On June 10, 2014, the official Pinstripe Alley Twitter account tweeted, “Refsnyder is coming for your spot, Brian Roberts. #Refsnyder4NYY”. That was the first recorded use of that hashtag, and it would continue to be used from then until May 17, 2016, so nearly two full years. I’m always fascinated by what fans grumble about, because it always reveals some level of anxiety about the team, and that popular sentiment often says something about that period of time. Sometimes there is wisdom in the crowds.
At first, the call for Rob Refsnyder made perfect sense. From the beginning of the 2014 season to June 10, Brian Roberts was hitting .236/.317/.346 (90 wRC+) with just 13 extra-base hits in 206 plate appearances. Refsnyder, on the other hand, was hitting .345/.387/.547 (159 wRC+) in 248 plate appearances at Double-A and was headed to Triple-A. He was their best option. And think about that.
What if anything does this period say about the Yankees? It was a total nadir, even more so than the poor performance at the beginning of 2016 or the doldrums of 2013. This was a mediocre team going nowhere fast, and they had absolutely no way to replace Robinson Cano. Not through trades, for lack of available options and prospects, and not in free agency. So, that does reflect an anxiety, that the team is so desperate for anything different, that it he was worth a shot. Fair enough. That’s why it’s weird when that narrative shifts.
In 2015 the narrative was largely the same, and he was promoted for the first time, but for just four games in July as a platoon bat. This is where the... suspicion, as I would call it, began. Even one comment on the PSA article talking about his option on July 19th, one commenter said “None of these kids will ever get a fair shot” as long as Brian Cashman and Joe Girardi are around, alluding to the conspiracy that the two conspire to hold back younger players because they favored older ones.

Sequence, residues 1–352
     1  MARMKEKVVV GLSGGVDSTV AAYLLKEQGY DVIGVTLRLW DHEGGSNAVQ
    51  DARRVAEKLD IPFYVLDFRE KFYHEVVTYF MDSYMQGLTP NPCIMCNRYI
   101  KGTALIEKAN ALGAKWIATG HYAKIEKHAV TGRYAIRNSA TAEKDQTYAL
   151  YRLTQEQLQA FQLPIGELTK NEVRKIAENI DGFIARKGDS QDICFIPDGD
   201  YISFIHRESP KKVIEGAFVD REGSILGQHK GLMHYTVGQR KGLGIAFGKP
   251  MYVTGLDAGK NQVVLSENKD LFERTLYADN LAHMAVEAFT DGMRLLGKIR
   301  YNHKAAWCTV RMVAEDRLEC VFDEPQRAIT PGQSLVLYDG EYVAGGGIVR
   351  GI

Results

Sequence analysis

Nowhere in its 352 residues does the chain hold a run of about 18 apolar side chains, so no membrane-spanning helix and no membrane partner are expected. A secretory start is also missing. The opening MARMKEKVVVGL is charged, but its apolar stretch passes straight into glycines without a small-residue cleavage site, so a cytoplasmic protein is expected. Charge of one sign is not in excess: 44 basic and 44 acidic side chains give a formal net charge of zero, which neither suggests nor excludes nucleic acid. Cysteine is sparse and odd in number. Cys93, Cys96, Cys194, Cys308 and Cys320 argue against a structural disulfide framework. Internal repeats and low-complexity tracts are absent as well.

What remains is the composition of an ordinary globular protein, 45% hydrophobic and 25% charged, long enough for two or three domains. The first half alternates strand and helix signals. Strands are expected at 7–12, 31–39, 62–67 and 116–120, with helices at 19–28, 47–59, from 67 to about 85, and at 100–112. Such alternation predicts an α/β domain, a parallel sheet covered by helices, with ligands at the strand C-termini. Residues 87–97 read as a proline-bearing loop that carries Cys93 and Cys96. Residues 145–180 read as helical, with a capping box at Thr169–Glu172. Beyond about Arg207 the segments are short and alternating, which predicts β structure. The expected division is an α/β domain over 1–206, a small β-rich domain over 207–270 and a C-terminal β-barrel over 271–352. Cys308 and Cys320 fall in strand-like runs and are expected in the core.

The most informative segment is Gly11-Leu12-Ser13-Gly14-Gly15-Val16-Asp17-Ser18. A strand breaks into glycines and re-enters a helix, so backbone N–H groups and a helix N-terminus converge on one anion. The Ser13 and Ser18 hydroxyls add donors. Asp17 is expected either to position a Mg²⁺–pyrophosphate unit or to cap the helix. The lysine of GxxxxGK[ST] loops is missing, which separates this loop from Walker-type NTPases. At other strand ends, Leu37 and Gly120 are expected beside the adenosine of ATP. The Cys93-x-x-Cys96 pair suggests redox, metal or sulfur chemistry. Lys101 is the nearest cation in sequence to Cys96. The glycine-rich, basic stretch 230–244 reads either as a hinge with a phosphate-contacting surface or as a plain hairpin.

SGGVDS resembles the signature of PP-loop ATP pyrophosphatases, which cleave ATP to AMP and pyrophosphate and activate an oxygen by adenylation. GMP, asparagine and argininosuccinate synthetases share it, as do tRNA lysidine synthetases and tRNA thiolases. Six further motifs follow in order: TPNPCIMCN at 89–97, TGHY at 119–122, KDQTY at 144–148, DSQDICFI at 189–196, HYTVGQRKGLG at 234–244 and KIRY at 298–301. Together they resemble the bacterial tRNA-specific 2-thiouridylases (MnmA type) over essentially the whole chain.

Again, a truth emerges from there. Even though it’s wildly inaccurate to say Cashman/Girardi hate young players, especially considering how much they were relied upon them this year, it does reveal the truth that considering the mediocrity trotted out there, it made some sense to try something different, even if the alternative may have been worse. Change was better than mediocrity, they said.
People wanted to give him a shot, but he didn’t have any obvious position. Even though he was a utility bat, he couldn’t back up shortstop, so there was a ceiling on his usefulness. He did get to play last year, but in just 58 games and 175 plate appearances, hitting just .250/.328/.309 (72 wRC+). Throw in the emergence of shiny new prospects like Gleyber Torres, Clint Frazier, and Justus Sheffield, and the rise of Gary Sanchez, and Refsnyder could go to the back burner.
There are some who probably still believe that Refsnyder can be a major league capable player. I’m not sure if I agree, but it’s possible. I don’t think he really has a place on this team given the reasons above, but I think he could be one of those players that finds a change of scenery and a full role and prospers. Until then, we can only wonder.
The rise and subsequent (likely) fall of Rob Refsnyder was an interesting story line in Yankees fandom, highlighting a low point in an era where fans were so desperate for a change, so desperate for any young player to step up, that they (and myself included) latched on to any shining light they had, and that was Refsnyder. If nothing else, he’ll always occupy that part of Yankees lore.